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Efrem Lukatsky, Associated Press
Ukrainian protesters clash with police after a vote to give greater powers to the east, outside the Parliament, Kiev, Ukraine, Monday, Aug. 31, 2015. The Ukrainian parliament has given preliminary approval to a controversial constitutional amendment that would provide greater powers to separatist regions in the east. Hundreds of people gathered in front of the parliament to protest against the amendment.

KIEV, Ukraine — Clashes broke out between police and nationalist protesters outside the Ukrainian parliament on Monday after a controversial vote to give greater powers to separatist regions in the east. About 100 law enforcement officers were injured, 10 of them seriously, the interior ministry said.

At least some of the officers were injured in the explosion of an object thrown from the crowd of protesters. It was not immediately clear what was thrown, but photographs and video showed it emitting a trail of smoke.

No injuries were immediately reported among the approximately 100 active protesters, most of whom were members of Svoboda, a nationalist party that holds only a handful of seats in parliament.

The decentralization of power was a condition of a truce signed in February aimed at ending the fighting between Ukrainian government troops and Russia-backed separatists that has left more than 6,800 dead. But some Ukrainians oppose changing the constitution, saying that it would threaten the country's sovereignty and independence.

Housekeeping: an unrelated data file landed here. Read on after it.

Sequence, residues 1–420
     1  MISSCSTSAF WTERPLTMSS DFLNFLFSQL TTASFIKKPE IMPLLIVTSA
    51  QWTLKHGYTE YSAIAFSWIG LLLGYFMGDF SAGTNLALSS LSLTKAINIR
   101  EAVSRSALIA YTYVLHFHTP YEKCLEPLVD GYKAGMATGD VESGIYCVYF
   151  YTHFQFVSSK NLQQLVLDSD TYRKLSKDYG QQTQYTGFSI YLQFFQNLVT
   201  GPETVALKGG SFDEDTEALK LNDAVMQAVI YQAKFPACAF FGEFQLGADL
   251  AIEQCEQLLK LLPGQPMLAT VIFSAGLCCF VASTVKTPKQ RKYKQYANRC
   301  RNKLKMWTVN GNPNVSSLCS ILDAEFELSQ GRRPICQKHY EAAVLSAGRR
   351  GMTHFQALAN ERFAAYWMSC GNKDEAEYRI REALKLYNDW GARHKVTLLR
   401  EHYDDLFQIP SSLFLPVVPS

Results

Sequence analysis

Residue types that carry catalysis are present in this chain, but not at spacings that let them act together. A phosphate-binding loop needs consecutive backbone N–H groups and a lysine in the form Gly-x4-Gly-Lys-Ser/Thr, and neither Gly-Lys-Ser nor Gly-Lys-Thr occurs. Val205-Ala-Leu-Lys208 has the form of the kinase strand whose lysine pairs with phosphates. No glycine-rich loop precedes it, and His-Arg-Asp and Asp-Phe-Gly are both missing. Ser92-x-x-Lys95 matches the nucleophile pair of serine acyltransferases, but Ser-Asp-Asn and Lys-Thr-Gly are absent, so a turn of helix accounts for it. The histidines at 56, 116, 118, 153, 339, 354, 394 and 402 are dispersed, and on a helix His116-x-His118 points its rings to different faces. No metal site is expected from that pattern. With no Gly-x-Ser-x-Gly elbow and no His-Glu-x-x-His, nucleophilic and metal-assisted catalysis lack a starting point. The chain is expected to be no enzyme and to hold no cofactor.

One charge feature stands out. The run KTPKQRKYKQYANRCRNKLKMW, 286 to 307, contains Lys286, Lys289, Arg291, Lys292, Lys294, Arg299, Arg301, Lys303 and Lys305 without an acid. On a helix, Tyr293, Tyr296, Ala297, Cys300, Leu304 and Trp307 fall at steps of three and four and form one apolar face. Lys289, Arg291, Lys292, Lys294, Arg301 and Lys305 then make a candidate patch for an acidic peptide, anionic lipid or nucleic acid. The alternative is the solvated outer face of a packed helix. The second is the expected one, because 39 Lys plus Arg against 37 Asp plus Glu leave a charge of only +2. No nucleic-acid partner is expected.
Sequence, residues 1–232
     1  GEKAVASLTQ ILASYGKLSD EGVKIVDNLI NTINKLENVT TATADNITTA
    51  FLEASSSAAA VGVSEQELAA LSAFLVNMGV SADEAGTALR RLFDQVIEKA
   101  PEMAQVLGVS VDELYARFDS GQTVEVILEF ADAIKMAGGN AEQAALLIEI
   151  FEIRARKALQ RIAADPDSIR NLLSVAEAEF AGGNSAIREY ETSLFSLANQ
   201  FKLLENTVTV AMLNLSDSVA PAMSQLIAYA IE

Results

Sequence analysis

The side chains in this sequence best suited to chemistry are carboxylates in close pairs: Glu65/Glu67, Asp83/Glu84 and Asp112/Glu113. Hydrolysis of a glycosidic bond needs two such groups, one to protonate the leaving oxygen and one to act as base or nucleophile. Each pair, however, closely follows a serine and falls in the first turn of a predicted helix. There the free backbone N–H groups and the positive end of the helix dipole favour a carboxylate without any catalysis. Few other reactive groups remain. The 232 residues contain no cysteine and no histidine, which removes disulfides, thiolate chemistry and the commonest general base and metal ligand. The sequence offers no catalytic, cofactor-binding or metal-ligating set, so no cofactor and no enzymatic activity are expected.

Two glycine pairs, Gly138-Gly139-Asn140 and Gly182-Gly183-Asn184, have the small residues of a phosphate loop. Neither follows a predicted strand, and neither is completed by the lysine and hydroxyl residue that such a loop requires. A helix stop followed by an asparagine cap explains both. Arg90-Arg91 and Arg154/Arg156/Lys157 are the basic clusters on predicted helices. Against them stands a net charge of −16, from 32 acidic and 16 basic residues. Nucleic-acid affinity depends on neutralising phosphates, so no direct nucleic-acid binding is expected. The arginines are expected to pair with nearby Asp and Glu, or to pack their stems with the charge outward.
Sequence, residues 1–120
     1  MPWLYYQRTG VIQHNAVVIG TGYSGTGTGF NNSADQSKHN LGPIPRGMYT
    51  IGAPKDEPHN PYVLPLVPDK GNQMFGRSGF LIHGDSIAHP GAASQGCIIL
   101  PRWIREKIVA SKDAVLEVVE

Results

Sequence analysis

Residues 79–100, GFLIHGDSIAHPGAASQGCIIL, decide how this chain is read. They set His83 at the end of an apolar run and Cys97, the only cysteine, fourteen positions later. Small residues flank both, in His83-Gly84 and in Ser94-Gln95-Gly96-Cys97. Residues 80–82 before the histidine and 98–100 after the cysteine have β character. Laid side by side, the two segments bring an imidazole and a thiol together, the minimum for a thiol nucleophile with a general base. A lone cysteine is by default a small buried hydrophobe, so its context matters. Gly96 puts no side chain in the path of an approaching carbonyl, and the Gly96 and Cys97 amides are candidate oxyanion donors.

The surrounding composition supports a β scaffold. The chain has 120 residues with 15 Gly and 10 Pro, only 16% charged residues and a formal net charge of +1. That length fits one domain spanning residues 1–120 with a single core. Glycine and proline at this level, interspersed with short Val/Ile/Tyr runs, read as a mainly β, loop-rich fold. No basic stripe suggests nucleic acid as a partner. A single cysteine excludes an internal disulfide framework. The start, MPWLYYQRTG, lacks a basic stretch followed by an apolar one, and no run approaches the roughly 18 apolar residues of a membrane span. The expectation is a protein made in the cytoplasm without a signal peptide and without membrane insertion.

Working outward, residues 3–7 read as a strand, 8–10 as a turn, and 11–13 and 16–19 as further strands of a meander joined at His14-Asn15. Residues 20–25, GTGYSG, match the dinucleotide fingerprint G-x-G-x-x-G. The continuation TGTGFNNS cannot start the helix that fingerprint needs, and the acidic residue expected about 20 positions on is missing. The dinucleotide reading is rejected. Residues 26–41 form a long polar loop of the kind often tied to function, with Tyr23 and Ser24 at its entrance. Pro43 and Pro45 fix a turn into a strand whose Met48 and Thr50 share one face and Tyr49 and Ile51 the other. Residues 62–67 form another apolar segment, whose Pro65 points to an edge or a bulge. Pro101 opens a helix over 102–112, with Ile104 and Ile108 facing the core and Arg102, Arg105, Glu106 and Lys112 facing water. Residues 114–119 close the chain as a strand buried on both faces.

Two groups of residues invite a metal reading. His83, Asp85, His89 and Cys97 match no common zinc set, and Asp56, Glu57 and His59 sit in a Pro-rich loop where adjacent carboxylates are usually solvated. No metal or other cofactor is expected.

A total of 265 deputies in the 450-seat parliament gave preliminary approval Monday to the changes proposed by Ukrainian President Petro Poroshenko. Three parties that are part of the majority coalition in parliament, however, opposed the constitutional changes.

"This is not a road to peace and not a road to decentralization," said the leader of one of those parties, former Prime Minister Yulia Tymoshenko. "This is the diametrically opposite process, which will lead to the loss of new territories."

Parliament speaker Vladimir Groisman denied that the changes would lead to the loss of the Donetsk region, where there have been clashes with separatists. "There is no hint of federalism. Ukraine was, is and will be a unified state," Groisman said.

A final vote on the constitutional changes is to be held during parliament's fall session, which begins on Tuesday. No specific date has yet been set.

Karmanau reported from Minsk, Belarus.